The formation of aggregates of HTT in the brain of HD patients and animal models has typically served as a proxy marker for disease progression and dominant-negative gain of function for mHTT7. Although the precise mechanisms by which protein misfolding and aggregation may contribute to mHTT-induced toxicity remain unclear, the formation of these inclusions in the brain of HD patients and various animal models is an invariant and inevitable feature. Inclusions appear to be comprised largely of accumulated HTT fragments containing the N-terminal expanded polyQ, indicating that proteolysis and processing of full-length HTT as well as alternative splicing8,9 may play an important role in the pathogenesis of HD. N-terminal HTT fragments may constitute a pathologic form of HTT that can aggregate rapidly, nucleate, and accelerate or propagate the aggregation process10.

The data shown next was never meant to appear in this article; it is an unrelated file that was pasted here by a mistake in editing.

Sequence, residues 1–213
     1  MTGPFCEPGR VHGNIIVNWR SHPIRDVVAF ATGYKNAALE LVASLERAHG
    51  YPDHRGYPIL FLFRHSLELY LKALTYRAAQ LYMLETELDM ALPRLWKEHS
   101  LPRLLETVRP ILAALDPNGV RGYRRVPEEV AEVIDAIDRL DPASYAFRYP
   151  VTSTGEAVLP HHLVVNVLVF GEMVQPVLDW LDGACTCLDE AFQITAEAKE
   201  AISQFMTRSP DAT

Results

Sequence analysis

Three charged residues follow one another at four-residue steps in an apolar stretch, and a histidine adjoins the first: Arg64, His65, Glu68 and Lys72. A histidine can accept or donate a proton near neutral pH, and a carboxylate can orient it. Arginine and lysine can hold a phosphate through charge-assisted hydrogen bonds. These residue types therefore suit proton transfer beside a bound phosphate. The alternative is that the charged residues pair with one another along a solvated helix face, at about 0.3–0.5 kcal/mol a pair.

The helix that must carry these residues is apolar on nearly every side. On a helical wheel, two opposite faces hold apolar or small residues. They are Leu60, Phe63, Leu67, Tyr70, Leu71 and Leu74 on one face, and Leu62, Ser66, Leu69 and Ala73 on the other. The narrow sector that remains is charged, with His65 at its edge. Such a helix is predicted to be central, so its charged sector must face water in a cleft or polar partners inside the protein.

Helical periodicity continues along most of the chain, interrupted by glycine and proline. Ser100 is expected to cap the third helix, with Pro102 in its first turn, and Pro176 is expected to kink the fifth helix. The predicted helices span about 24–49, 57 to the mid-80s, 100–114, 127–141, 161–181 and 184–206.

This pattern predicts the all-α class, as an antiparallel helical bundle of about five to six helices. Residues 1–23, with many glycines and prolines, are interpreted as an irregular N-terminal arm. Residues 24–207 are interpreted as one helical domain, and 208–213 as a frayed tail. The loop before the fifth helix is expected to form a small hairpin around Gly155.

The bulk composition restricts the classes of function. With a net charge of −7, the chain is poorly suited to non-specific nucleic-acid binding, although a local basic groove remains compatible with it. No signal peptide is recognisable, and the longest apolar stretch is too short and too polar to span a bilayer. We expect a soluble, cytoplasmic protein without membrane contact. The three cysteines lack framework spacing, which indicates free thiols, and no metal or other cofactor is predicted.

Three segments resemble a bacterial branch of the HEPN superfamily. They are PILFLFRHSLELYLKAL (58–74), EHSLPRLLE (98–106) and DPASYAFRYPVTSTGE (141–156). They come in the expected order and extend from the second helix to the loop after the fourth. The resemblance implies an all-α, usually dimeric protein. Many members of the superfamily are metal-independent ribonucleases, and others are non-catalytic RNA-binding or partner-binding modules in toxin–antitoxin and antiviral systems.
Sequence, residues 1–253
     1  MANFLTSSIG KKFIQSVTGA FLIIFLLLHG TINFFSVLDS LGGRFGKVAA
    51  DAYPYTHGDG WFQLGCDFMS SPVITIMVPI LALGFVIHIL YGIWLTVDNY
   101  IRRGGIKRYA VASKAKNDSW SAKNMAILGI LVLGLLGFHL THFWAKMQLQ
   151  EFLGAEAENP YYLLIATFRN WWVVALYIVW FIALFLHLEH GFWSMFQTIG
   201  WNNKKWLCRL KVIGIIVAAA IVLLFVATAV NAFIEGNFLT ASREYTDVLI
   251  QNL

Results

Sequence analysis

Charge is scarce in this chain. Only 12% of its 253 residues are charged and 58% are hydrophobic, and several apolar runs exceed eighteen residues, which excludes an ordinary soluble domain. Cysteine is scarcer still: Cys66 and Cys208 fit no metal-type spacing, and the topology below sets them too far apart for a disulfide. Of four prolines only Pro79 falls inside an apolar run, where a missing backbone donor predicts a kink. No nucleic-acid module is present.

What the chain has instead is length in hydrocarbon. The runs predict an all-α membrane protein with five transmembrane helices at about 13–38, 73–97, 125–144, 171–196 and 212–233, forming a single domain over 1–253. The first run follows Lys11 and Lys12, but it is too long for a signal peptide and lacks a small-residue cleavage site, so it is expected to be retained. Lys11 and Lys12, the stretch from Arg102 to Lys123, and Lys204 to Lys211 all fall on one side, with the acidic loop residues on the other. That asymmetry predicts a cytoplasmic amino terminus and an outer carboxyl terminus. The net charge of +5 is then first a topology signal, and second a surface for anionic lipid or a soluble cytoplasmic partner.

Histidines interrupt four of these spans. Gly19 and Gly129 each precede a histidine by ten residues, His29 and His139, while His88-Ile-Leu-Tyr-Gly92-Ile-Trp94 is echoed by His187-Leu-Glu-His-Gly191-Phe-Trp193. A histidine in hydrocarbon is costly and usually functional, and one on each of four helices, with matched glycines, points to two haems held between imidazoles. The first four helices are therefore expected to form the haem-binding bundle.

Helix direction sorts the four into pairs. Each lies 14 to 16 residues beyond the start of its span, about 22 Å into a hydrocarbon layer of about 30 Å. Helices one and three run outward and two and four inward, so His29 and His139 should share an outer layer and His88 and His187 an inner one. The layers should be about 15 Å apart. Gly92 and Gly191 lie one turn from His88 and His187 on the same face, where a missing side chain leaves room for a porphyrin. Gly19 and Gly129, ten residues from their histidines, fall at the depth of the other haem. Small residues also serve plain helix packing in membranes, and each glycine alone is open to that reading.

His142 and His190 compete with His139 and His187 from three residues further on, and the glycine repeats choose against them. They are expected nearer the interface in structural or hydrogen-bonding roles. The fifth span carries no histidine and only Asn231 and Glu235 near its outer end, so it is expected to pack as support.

However, the presence of these inclusions does not necessarily correlate with HTT-induced toxicity or cell death11. HTT has been proposed to undergo an aggregation process from a soluble monomer through soluble oligomeric species and β-sheet fibrils to insoluble aggregates and inclusions12. Resolving these various protein species via standard biochemical assays has been a challenge in the field due to their stability in low-detergent lysis buffer and difficulty in visualizing using standard biochemical assays. Thus, methodological considerations are critical in detecting the degree and pattern of accumulated and aggregated mHTT.